Much as you will never face up to it, [self criticism not being a BBC strongpoint] your organization HAS become Big Brother.It is not impartial not democratically appointed and continues to desperately fill airtime with unsubstantiated drivel in an attempt to justify its existence..and license fee..
By the way this self 'moderated' page is also undemocratic and unfair and can potentially render any serious criticism futile ..just another example of the patronising arrogance which pervades your company.

Bill Carter

  • 47.
  • At 08:25 AM on 31 Aug 2007,
  • Brendan wrote:

Re: Rugby World Cup Blog -> What drivel is this? If this is the abysmal standard of journalism now being commissioned by the BBC, then I want a refund of my licence fee... NOW. To see how to write a journalistic blog then look no further than Mark Mardell's work. Working for the BBC used to be a privilege for the best of the best, nowadays it seems that anyone from the Dog and Duck can scam money from the Beeb. Pay these guys off, and get hold of Will C., Rory U et al and pay them for World Cup insight - guaranteed to be read by all Rugby afficionados. It beggars belief that an editor with a passion for the sport, a vision of quality and journalism experience would allow this offering to even see light of day...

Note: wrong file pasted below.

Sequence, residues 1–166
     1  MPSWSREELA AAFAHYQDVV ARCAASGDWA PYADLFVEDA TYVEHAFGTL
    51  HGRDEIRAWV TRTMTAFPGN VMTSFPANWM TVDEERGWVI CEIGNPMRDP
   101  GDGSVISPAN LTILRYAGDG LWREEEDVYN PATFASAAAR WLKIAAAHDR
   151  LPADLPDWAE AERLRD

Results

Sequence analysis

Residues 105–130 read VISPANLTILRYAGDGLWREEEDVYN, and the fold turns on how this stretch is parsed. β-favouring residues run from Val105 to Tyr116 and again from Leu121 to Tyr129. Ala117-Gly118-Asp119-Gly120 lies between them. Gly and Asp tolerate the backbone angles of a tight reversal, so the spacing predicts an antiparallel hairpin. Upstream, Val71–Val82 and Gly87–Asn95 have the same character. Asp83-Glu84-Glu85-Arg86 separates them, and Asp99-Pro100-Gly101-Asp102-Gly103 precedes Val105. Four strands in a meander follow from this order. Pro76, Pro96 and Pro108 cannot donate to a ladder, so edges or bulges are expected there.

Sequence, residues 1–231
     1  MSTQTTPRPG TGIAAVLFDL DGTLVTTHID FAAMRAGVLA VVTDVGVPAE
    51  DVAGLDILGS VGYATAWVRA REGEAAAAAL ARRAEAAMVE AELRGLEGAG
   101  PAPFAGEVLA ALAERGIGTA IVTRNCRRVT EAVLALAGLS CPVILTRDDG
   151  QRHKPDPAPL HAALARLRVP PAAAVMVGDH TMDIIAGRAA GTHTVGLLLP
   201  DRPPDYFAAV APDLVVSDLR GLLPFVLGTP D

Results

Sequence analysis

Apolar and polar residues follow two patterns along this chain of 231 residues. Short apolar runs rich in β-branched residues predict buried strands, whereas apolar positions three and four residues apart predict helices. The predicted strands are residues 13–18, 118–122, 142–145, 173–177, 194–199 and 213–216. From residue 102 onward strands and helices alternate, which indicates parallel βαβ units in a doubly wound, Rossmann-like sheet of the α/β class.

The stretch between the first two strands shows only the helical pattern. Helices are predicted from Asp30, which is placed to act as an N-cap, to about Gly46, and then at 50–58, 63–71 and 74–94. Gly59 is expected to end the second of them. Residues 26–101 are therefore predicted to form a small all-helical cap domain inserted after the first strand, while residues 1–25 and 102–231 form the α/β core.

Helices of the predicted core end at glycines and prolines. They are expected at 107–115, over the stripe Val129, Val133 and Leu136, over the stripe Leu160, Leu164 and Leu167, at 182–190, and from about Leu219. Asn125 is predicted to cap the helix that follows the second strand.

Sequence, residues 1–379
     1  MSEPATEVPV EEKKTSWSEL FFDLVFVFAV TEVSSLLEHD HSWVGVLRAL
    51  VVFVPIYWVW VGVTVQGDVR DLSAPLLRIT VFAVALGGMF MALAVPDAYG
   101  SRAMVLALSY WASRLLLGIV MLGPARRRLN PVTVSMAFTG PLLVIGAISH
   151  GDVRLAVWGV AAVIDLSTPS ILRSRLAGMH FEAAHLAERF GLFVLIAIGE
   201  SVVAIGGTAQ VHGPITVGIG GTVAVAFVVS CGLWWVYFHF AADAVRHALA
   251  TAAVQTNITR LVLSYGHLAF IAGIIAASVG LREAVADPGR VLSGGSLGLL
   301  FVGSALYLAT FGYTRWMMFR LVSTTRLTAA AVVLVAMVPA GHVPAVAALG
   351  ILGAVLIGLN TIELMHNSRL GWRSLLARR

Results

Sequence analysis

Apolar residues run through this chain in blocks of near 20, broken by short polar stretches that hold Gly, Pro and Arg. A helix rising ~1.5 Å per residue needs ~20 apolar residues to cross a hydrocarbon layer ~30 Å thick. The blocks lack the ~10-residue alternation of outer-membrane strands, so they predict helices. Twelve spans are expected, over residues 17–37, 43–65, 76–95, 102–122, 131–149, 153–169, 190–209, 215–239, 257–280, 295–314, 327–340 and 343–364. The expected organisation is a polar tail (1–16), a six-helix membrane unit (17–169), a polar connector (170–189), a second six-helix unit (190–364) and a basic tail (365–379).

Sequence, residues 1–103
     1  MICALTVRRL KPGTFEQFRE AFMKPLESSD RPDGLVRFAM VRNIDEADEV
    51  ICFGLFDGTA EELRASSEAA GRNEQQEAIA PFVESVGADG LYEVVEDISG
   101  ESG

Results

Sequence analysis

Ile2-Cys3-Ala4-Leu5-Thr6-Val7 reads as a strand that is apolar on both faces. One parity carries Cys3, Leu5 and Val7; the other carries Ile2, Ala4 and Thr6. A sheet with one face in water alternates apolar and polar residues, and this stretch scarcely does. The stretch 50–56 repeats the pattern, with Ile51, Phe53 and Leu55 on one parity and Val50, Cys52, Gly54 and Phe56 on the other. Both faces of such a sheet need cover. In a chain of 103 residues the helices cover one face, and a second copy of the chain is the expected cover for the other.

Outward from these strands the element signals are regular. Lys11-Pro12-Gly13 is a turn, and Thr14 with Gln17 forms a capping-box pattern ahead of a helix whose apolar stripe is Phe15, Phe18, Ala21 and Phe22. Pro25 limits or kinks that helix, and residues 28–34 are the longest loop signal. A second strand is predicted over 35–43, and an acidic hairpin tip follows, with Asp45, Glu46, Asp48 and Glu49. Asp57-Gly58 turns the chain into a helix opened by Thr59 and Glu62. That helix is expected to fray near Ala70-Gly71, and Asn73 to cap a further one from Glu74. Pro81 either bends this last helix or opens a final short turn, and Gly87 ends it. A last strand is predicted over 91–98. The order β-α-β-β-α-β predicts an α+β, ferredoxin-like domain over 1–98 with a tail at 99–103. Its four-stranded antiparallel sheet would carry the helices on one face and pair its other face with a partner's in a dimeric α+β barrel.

• 48.
  • At 12:12 AM on 14 Sep 2007,
  • Loudlily wrote:

Regarding the McCann's story, the dilema Ms Feltz had deciding whether to allow the supporters or non supporters of the McCanns to air their opinions, was a short lived one. But with so much fuzz hanging around in the gossip corners (on your street and mine!) shouldn't the most ridiculous theories from alien abduction to selling the child into slavery, be put out there if only to be voiced and allow the idiotic lame brains to hear their own theories ridiculed - well and truly! I was visitng a relative in hospital this week and overheard some patients exchanging pleasantries to fill in time but then the story of the McCanns became the favoured topic and with one loud mouth pushing forward his point of view, two people left the conversation having changed their minds to belive that Mrs McCann was a wicked woman who must have been using drugs and drink and was no better than a child beating drug addict who was capable of anything. In creating the balance of the argument, how many conversations do you think would result in the canonisation of the same woman - not many I fear - not in this world where we are too easy to accept unimaginable evil and treachery and we are just synichal enough not to accept the concept of innocence. So, the gossip mongers win when public debate is absent.....everytime.